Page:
01 March 2009

Massive mudskippers and Mad Murai at Pasir Ris

Pasir Ris has a lovely mangrove boardwalk and I thought I should check it out today.
The boardwalk had been upgraded a year ago, but this is my first time there. I recently received an email from a father who wanted to bring his son who was really keen on fiddler crabs, to see some. He asked whether there were any at Pasir Ris. I was rather embarrased to say I didn't know. It was time to find out for myself what we could see at Pasir Ris.
The boardwalk has been massively extended and now meanders through the mangroves.There are lots of easy-to-read panels along the shady boardwalk.Many of my favourite mangrove trees were there, like this large and happily propaguling (not a proper word I'm sure) Bakau kurap (Rhizophora mucronata).There were a lot of Xylocarpus trees and almost every one of them was getting ready to bloom! There was at least one of the rarer Xylocarpus moluccensis but I think the rest were the more common Xylocarpus granatum.And a very happy, healthy Ceriops zippeliana full of flowers and propagules. It is identified by the textured 'fruits'.

And what about the crabs?There were lots and lots of large Tree climbing crabs (Episesarma sp.), mostly on the mud and hovering near holes in the many mudlobster mounds. This particular one was 'frothing' at the mouth. Some crabs do this to oxygenate the water in their gills. With squarish bodies and flat legs, they remind me of origami crabs!There were also lots of other Sesarmid crabs (Family Sesarmidae) including the ones with the blue face-band that I've been seeing at Pulau Semakau's mudlobster area. And plenty of really tiny crabs all over the mud as well. The boardwalk is rather high above the ground so binoculars would probably help take a closer look at them. But alas, I could find no fiddlers.

Other special animals (no photos, too far away) included the Ellobid snails on trees. Some appeared to be Cassidula sp.

But one attractive animal in abundance at Pasir Ris is the Giant mudskipper (Periophthalmodon schlosseri).The largest of our mudskippers, these muscular fishes excavate tunnels by bringing out the mud in their mouths. Here's one fish hard at work at what looks like a new tunnel. You can see the balls of mud spat out a distance all around the hole. The hole is the entrance to deep tunnels in the mud which act as a nursery for their young.A closer look at the fish. It has black stripes along the sides of the body. Here's another one at a very large 'swimming pool', which looks completed already.
And another one just lazing in a stream.

I usually ignore birds. But today, the mad antics of the Pied Fantail (Rhipidura javanica) just captured my attention.
A bird of the mangroves, it does indeed have a tail that it can spread out like a fan.This one settled in the deep shadow of a bushy mangrove tree. The Pied fantail eats mainly insects. It is said that the bird forages close to the ground in the dark understorey, catch its prey on the wing. It rarely misses, the broad bill is ringed with spines (rictal bristles) which may help it catch insects even in the dim light of the understorey.The bird then started to make wild flapping turns in the small space there.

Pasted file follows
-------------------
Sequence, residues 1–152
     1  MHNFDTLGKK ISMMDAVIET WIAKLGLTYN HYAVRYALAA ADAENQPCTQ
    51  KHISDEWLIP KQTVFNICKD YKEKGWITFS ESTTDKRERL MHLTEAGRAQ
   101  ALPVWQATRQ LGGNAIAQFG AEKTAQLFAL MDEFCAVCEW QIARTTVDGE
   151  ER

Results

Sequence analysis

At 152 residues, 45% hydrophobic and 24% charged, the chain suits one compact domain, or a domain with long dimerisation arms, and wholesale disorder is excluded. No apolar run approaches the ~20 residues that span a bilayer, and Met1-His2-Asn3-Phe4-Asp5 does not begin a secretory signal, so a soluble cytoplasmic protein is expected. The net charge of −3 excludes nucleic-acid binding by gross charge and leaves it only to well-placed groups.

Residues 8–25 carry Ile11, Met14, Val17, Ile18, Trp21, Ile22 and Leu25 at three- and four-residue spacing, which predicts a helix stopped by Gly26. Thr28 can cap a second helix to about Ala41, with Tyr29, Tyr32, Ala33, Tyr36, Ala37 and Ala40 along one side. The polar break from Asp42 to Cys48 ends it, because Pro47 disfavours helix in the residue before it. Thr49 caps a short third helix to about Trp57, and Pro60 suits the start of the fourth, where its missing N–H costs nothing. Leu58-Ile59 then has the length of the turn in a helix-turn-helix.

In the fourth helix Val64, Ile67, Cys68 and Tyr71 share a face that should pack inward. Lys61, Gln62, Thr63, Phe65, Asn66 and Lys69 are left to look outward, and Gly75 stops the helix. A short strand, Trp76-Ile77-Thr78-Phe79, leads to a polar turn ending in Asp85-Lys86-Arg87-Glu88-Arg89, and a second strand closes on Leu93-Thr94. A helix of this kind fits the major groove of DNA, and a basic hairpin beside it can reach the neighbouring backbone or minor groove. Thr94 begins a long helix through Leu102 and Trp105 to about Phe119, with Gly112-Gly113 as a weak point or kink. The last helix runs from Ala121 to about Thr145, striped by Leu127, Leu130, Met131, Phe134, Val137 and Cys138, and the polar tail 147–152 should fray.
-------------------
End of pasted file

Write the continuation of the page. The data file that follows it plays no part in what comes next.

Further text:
Spreading its tail and wing feathers widely.It did this at least 12 times. Was it flushing out insects to catch? Their hyperactive madcap hunting style is probably what earned them their Malay name: Murai Gila which means "Crazy Thrush".

I noticed that there seemed to be channels artificially dug out all over the mangroves.There also seemed to be a fair amount of replanting going on.There was an area that appeared to be a nursery for young mangrove seedlings.

Alas, the Park is plagued by misbehaving visitors.At one of the big shelters along the creek, there were two groups of people fishing. Right under the no fishing sign. On the boardwalk, I came across two groups on bicycles, although they clearly should not ride there. And in a far corner, I noticed some people foraging in the mud.

Like all our mangroves, the Park is affected by the always present marine litter that drifts in with every tide.In addition, I also noticed, sprinkled all along the boardwalk, little pieces of what seems to be bread cut up into squares. None of the marine life were near these pieces.

More about Pasir Ris Park

NParks has a mangrove walk for kids every third Saturday of the month ($4 per person), while the Green Volunteers Network is planning a free guided walk there on 4 Apr and also conducts regular mangrove cleanups there, the next one is on 7 Mar.

Pasir Ris was also the location of a crocodile sighting that sparked off a flurry of media reports, with many people calling on the public and authorities to leave it alone. Alas, it was eventually caught.

Pasir Ris also has a stretch of interesting shores with seagrasses and other amazing marine life. Here's Kok Sheng's most recent visit there.


  1. The last time I was there, I did see a very small group of Uca rosea on a small open patch of mud amongst the mangroves.

    If I recall correctly, there's also a small colony of Uca annulipes in a patch of mangroves close to one of the banks of Sungei Tampines. It's quite far from the area covered by the boardwalk though.

    I need to find the time to explore the area once again.

  2. Hey thanks for sharing that Ivan. The tide was coming in when I was there so I didn't get to see the low shores. But it's nice to know there are fiddlers at Pasir Ris. Yes, be great to find time to explore at a more suitable tide!



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